The personal satellite?

Discussion in 'Astronomy' started by Porfiry, Nov 21, 2000.

  1. Porfiry Nomad Registered Senior Member

    <!--intro-->At a press conference today, One Stop Satellite Solutions announced that the company has developed technology which enables high-quality, small space satellites to be launched for the first time for as little as $45,000, compared to a cost of about $3 million to $5 million using current alternatives. Dale Richards, President of One Stop Satellite Solutions, said, "Just as Henry Ford made the automobile affordable to the masses for the first time in the early 20th Century, our CubeSAT satellite will make space satellites affordable to the masses for the first time in the early 21st Century."<!--/intro-->

    "With our CubeSAT satellites, which measure only 4 x 4 x 4 inches, space has been opened to individuals and groups in the general public, academic institutions and small as well as large businesses and corporations. These satellites will be launched on our Multi-Payload Adaptor, which could be viewed as a 'mass transportation' vehicle to space."

    As a result of the de-militarizing of nuclear missiles -- in the U.S. and Russia -- One Stop Satellite Solutions has launched its satellites on former U.S. Minuteman missiles and will launch future satellites on former Russian ICBM missiles. In January 2000, the company had a successful launch aboard the first Minotaur Missile (a Minuteman missile converted launch vehicle) in its Joint Air Force Academy-Weber State University Satellite program. The first launch of the CubeSAT satellite is scheduled for November 2001. Richards said his company is proud of its role in transforming former weapons of war into vehicles for peaceful purposes.

    Dr. Robert Twiggs, consulting professor of aeronautics and astronautics at Stanford University, inventor of the CubeSAT satellite technology, also addressed the news conference. He said, "With this program, we are opening an unprecedented new door for opportunities in space that have previously been closed. Now, based on inquiries we have received, I can envision some 100 to 200 of these small satellites being launched annually. However, to avoid littering space, we have plans to bring them back to earth once their programs have been completed."

    The technology that will be used by One Stop Satellite Solutions in the launch of its CubeSAT satellites, was first developed at the Center for Aerospace Technology at Weber State University, Ogden Utah. Weber State was the first university to have a payload launched on a NASA shuttle. In a prelude to the development of CubeSAT, the university launched WEBERSAT in 1990, a mission experts said could not be accomplished using only off-the-shelf commercial parts.

    The satellite was made by a team of Weber State faculty and students and was expected to have a lifespan in space of two years. Today, 10 years later, three of the four satellites launched on that mission are still in orbit and operating. Technology developed at Weber State was transferred to One Stop Satellite Solutions, and forms the basis for the company's space launch program.

    The Utah Centers for Excellence Program sponsored the development and commercialization of the technology. The Center plays a vital role in the growth of Utah's high-tech economy and partially funded the Center for Aerospace Technology at Weber State University, where the CubeSAT small satellite program was developed.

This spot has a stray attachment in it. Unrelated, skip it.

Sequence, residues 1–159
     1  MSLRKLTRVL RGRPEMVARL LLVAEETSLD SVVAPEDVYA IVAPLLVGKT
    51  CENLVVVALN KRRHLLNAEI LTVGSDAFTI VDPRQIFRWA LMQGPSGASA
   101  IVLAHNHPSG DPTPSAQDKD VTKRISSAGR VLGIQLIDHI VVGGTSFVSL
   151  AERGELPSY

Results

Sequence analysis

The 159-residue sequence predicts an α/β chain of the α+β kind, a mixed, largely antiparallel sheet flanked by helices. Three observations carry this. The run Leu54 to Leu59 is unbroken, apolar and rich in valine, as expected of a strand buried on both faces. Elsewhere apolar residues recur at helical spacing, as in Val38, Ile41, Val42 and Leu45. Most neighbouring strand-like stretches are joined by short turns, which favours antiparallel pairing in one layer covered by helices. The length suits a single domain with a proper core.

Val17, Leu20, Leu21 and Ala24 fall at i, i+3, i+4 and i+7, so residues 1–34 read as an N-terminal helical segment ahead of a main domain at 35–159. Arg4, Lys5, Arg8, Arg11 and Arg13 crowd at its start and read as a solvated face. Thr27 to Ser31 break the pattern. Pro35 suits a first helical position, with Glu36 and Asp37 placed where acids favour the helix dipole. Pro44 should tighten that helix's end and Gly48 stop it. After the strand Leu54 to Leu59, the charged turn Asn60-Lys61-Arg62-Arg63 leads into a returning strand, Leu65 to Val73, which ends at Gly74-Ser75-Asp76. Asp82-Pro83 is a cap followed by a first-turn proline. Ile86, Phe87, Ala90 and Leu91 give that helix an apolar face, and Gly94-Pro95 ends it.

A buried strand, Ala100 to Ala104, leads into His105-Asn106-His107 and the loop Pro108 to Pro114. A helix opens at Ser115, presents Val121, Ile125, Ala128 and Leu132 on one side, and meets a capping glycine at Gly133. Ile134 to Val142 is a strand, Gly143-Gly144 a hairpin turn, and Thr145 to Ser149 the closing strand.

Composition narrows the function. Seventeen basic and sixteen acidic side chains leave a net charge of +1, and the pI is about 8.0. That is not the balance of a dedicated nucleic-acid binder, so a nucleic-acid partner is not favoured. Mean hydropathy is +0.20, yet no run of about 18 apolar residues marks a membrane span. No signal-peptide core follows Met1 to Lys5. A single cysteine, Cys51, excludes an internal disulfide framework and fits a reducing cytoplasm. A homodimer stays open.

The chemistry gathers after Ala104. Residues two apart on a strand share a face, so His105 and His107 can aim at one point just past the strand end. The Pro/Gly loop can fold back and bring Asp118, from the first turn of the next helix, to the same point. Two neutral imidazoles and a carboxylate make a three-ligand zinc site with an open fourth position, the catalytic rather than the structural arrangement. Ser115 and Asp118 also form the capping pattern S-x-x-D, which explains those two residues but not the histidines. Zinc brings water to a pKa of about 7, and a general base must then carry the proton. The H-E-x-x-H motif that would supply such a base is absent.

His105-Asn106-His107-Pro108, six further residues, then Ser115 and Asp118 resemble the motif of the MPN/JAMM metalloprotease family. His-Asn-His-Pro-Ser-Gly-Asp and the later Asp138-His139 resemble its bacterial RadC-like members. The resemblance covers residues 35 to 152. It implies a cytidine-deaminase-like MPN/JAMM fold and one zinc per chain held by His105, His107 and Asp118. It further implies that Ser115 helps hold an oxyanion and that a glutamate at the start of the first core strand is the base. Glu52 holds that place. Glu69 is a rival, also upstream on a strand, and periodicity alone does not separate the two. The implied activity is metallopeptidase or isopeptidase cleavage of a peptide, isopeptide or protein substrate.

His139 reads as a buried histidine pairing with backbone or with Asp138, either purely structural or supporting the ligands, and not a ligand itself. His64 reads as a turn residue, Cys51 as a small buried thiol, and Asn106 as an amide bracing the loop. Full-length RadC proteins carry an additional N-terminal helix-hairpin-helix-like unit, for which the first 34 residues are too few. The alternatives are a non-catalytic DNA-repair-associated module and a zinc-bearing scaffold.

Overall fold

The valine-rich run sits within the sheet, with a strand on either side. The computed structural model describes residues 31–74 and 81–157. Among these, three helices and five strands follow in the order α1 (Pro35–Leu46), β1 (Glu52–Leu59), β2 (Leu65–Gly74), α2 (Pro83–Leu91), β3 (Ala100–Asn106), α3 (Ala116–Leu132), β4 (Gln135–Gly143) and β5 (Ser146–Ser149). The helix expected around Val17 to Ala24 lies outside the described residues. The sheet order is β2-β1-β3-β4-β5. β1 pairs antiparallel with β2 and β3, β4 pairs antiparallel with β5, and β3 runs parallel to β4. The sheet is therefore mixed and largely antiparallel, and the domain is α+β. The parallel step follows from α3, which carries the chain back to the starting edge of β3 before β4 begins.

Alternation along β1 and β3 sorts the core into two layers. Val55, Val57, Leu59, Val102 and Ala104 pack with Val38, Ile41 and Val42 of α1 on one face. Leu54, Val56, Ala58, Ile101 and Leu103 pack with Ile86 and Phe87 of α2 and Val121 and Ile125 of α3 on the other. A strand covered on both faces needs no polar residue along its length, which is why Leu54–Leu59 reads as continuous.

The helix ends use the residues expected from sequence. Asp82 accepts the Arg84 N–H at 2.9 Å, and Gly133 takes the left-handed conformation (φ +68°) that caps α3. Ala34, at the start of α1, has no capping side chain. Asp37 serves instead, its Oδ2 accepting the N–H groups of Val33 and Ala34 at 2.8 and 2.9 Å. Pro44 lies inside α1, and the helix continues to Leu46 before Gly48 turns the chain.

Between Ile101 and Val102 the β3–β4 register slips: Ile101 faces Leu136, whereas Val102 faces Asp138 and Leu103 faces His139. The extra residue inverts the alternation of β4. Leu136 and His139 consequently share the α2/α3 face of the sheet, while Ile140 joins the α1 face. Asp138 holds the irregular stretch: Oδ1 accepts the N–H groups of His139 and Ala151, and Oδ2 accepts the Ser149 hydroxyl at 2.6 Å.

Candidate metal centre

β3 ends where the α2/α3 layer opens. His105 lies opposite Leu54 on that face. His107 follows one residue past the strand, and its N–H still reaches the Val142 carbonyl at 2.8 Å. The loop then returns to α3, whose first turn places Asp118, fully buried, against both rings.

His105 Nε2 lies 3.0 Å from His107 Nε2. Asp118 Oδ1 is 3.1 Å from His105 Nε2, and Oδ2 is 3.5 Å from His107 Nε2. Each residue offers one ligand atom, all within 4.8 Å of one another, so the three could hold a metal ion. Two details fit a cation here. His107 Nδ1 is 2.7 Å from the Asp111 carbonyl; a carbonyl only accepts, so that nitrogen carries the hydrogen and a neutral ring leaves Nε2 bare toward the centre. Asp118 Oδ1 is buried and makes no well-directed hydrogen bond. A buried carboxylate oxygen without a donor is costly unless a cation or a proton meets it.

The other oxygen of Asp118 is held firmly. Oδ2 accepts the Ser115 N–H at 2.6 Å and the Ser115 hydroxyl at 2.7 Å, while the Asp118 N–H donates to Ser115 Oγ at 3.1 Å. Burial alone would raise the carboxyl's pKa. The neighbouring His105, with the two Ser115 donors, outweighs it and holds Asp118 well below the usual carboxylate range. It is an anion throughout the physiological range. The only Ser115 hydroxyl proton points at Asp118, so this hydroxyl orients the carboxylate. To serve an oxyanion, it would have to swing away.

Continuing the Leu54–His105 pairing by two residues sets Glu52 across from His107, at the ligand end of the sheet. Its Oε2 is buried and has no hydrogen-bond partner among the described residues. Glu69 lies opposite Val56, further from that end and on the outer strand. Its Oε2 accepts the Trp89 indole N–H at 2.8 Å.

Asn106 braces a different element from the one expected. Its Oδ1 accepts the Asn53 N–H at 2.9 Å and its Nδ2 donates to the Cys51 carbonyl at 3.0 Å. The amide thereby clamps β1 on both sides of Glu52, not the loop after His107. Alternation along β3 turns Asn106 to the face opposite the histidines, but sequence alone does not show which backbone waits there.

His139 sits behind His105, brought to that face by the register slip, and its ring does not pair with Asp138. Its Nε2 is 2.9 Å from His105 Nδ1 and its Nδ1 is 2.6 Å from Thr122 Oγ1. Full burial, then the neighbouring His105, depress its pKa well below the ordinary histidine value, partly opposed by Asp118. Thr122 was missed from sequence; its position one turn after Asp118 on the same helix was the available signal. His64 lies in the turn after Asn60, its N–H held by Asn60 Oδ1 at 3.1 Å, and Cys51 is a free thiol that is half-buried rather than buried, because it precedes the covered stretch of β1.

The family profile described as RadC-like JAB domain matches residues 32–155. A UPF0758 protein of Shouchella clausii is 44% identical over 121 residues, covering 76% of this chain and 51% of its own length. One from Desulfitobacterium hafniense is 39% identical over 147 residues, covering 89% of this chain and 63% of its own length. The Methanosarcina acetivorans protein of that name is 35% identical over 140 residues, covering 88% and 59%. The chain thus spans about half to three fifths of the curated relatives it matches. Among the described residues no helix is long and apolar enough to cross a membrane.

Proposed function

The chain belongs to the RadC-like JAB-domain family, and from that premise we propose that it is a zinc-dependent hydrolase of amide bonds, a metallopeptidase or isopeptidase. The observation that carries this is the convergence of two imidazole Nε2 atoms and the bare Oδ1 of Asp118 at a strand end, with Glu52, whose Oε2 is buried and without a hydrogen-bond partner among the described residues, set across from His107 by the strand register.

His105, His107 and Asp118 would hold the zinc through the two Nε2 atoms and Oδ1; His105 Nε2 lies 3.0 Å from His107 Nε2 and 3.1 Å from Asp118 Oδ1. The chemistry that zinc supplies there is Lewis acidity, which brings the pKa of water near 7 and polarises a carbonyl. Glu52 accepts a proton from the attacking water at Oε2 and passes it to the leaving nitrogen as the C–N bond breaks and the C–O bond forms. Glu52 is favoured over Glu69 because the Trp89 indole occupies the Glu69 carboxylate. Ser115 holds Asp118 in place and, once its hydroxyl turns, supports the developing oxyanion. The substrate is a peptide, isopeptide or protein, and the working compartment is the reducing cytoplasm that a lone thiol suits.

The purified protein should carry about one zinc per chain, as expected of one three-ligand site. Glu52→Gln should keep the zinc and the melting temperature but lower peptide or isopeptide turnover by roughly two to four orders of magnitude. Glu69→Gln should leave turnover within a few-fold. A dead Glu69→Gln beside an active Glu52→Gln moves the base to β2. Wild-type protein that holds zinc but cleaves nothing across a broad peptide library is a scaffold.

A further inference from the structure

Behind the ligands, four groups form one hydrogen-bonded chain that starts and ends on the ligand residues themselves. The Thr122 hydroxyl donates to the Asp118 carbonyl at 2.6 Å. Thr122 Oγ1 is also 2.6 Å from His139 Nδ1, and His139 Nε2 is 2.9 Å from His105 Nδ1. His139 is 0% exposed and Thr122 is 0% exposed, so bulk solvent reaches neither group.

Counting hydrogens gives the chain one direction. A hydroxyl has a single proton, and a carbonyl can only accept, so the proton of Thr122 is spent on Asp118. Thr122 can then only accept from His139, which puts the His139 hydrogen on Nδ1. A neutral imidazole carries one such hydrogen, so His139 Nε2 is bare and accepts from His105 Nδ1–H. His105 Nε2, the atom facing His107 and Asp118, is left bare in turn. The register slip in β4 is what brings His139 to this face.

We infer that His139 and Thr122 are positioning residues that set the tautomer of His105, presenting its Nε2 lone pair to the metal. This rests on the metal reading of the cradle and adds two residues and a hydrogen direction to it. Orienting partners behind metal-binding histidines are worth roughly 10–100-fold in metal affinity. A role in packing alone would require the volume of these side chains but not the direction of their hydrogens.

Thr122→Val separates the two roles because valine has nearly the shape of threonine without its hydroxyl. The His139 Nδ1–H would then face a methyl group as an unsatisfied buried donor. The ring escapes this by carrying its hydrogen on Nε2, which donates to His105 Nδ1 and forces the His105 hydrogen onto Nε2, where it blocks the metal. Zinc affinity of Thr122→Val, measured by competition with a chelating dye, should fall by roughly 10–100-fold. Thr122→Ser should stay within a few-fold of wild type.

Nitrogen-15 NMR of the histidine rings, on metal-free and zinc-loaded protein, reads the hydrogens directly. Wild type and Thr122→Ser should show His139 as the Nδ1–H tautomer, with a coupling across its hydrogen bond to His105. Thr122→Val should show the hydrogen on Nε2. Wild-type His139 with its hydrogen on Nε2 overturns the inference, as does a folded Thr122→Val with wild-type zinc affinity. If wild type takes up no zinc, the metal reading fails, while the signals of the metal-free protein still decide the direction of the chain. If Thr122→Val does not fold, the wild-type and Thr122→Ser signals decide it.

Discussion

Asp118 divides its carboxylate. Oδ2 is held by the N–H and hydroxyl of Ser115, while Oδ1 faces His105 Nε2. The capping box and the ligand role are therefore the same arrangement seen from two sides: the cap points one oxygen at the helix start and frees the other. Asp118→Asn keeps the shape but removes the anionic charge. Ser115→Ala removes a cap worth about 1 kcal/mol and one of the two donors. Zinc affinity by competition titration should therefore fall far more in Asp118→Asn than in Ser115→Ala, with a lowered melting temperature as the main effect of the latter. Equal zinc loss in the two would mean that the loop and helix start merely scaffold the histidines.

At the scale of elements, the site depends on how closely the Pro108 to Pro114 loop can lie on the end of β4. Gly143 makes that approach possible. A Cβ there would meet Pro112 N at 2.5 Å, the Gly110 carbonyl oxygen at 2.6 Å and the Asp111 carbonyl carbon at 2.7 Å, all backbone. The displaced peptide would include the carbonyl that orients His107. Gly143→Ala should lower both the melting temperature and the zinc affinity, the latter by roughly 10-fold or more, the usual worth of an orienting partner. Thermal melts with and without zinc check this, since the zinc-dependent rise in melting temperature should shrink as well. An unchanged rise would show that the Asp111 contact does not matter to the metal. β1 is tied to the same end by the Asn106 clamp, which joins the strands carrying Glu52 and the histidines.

Also attending the press conference was Vladimir Andreev, Director General of Kosmotras, the Russian company that is commercializing former Russian nuclear missiles, ICBMs today called Dnepr Rockets. During the Cold War, he was the "keeper of the codes," needed to activate his country's nuclear arsenal, if the order to do so had ever been given. Kosmotras is working with One Stop Satellite Solutions to provide decommissioned ICBM launch vehicles in Russia for CubeSAT satellite programs.

    Kosmotras and Thiokol Propulsion, of Brigham City, Utah, along with One Stop Satellite Solutions, have entered into an agreement, which calls for Kosmotras to provide relatively inexpensive launch opportunities using the Dnepr Launch Vehicle, supported by the governments of Russia and the Ukraine. One Stop Satellite Solutions will provide management and integration of small satellites into a single payload module utilizing the company's multi-payload adaptor. Thiokol will provide organizational and legal support for the joint program as a marketing agent of Kosmotras.

    One Stop Satellite Solutions, a private company founded in 1996 and headquartered in Ogden, Utah, has commercialized the technology under development for 15 years at the Center for Aerospace Technology at Weber State University. The company's mission is to provide its customers with lower cost, high-quality small satellites for more effective access to space. The company, in conjunction with the Center for Aerospace Technology, has successfully designed, engineered and manufactured eight low earth orbit satellites in the 100 to 500 pound class. The company's patented and proprietary technology provides attitude control that is more precise and less complex to operate than any other small satellite system on the market. Additional patents are pending that will allow this technology to be utilized in other control applications.

    The company demonstrated its satellite design and manufacturing capability in January, 2000 with the successful launch of a multi-use group of satellites aboard a decommissioned U.S. Minuteman missile, called a Minotaur launch vehicle.

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